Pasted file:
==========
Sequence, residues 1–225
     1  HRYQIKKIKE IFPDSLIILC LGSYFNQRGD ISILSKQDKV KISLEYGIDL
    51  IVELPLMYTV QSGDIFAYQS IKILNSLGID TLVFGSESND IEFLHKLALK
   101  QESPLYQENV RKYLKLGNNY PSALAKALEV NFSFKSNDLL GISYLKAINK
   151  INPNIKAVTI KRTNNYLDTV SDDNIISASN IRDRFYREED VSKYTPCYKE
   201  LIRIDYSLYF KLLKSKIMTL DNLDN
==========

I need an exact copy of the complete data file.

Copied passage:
Sequence, residues 1–225
     1  HRYQIKKIKE IFPDSLIILC LGSYFNQRGD ISILSKQDKV KISLEYGIDL
    51  IVELPLMYTV QSGDIFAYQS IKILNSLGID TLVFGSESND IEFLHKLALK
   101  QESPLYQENV RKYLKLGNNY PSALAKALEV NFSFKSNDLL GISYLKAINK
   151  INPNIKAVTI KRTNNYLDTV SDDNIISASN IRDRFYREED VSKYTPCYKE
   201  LIRIDYSLYF KLLKSKIMTL DNLDN